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Brandon Vasquez, Jonathan Carriere, James Danckert; Direction specific impairments of spatial working memory as a consequence of saccadic remapping. Journal of Vision 2007;7(9):669. doi: https://doi.org/10.1167/7.9.669.
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© ARVO (1962-2015); The Authors (2016-present)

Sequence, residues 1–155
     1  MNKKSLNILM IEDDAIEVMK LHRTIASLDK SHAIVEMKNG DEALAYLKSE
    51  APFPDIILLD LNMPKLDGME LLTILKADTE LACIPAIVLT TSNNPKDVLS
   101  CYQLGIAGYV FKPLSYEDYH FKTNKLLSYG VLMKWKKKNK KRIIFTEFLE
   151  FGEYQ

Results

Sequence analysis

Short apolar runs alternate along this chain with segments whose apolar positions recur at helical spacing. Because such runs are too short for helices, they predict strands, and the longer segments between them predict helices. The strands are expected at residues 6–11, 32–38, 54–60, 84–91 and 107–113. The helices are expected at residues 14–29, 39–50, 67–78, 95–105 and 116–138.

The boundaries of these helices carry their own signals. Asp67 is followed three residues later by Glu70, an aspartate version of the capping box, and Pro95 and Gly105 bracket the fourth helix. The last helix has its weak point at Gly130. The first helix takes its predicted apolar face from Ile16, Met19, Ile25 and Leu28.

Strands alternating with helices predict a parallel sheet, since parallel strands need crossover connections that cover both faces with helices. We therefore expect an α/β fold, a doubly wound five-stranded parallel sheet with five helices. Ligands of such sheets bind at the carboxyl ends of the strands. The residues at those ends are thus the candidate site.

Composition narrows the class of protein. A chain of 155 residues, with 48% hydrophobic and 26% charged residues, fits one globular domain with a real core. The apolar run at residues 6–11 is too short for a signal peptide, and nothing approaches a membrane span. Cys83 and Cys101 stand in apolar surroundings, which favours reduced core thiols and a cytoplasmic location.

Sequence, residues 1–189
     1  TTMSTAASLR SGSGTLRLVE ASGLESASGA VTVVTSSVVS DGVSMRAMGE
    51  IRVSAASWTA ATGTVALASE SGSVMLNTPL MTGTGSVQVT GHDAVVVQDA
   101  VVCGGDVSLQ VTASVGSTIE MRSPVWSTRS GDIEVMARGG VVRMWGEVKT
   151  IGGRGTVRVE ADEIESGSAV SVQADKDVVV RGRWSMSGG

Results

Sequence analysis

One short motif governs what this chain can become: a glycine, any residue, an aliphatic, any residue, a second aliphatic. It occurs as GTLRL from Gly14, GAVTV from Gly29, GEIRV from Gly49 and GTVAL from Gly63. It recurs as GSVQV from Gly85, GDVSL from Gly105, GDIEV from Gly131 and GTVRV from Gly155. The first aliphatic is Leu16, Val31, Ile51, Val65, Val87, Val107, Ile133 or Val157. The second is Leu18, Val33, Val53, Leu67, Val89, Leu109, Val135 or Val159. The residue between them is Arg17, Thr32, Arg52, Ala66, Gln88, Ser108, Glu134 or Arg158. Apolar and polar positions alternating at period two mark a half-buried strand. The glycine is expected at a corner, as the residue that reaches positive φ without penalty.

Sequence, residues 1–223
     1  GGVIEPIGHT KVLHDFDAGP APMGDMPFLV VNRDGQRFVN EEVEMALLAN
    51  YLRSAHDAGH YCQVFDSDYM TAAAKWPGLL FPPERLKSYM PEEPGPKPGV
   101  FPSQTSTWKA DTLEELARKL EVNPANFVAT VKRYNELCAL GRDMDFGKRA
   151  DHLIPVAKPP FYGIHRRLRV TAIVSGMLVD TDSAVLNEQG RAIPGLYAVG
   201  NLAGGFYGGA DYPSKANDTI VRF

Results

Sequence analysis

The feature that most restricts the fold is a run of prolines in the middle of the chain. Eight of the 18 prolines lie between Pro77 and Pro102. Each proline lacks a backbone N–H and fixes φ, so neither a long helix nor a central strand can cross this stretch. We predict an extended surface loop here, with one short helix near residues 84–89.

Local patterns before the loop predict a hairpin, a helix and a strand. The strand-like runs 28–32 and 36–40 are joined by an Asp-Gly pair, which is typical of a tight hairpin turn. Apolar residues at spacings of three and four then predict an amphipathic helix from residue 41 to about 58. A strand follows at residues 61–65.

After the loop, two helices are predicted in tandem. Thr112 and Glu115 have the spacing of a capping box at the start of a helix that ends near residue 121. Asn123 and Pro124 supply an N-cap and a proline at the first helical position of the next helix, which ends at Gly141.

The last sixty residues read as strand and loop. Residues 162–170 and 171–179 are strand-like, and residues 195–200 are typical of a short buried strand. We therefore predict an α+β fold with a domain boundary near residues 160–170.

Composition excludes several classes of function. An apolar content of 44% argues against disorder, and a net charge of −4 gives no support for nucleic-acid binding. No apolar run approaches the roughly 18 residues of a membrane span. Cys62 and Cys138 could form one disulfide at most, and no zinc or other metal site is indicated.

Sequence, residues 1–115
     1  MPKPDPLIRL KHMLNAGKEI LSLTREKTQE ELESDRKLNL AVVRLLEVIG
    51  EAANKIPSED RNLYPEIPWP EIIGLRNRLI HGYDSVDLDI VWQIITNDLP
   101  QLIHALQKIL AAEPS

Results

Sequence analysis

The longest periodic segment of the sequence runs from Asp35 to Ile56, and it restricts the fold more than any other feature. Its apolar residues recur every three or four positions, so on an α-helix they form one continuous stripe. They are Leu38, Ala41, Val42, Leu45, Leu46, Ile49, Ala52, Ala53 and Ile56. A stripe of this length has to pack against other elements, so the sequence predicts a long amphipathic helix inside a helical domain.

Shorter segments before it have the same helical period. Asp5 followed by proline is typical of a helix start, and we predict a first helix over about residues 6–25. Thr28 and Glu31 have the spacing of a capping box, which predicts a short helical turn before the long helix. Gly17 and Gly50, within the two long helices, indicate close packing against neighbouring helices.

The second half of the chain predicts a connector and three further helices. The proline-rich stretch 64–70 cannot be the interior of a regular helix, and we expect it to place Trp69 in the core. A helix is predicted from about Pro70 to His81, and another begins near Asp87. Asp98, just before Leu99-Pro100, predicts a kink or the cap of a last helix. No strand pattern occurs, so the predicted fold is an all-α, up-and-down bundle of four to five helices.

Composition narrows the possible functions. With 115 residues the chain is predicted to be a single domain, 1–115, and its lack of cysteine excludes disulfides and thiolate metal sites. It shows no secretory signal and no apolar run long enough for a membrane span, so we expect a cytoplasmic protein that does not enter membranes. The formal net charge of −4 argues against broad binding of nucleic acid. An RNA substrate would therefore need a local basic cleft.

One of the most common impairments resulting from right parietal stroke is a disorder called visuospatial neglect, in which patients behave as if half their world has ceased to exist. Current theoretical attempts to explain neglect have suggested that, in addition to attentional biases, these patients also demonstrate impairments of spatial working memory and/or spatial remapping. These two mechanisms are closely related in that they are critically important for maintaining and updating spatial representations in our environment. We examined the influence of saccadic remapping processes on spatial working memory in a group of healthy individuals. Participants first had to determine the presence or absence of a target (a circle with a small segment removed) presented amongst distractor stimuli (full circles). On trials in which a target was detected, a probe stimulus then appeared, following a brief delay (1 sec). Participants had to indicate whether or not the probe occupied the location of the previously detected target stimulus. Critically, we manipulated fixation during the delay condition such that fixation could remain static or could move to the left, right, up or down. These four shift conditions required the participant to remap the target display in order to make accurate decisions concerning the spatial location of the probe. Performance for judging the spatial location of the probe was best when central fixation was maintained. Interestingly, decrements in SWM (i.e. accurately matching the target location with the probe) were only observed when saccadic remapping was executed into right or lower visual space. This suggests that saccadic remapping processes interact with SWM processes in specific ways that may be related to both hemispheric biases in attention for changes induced by lateral remapping, and differences in personal versus extrapersonal space for changes induced by vertical remapping.
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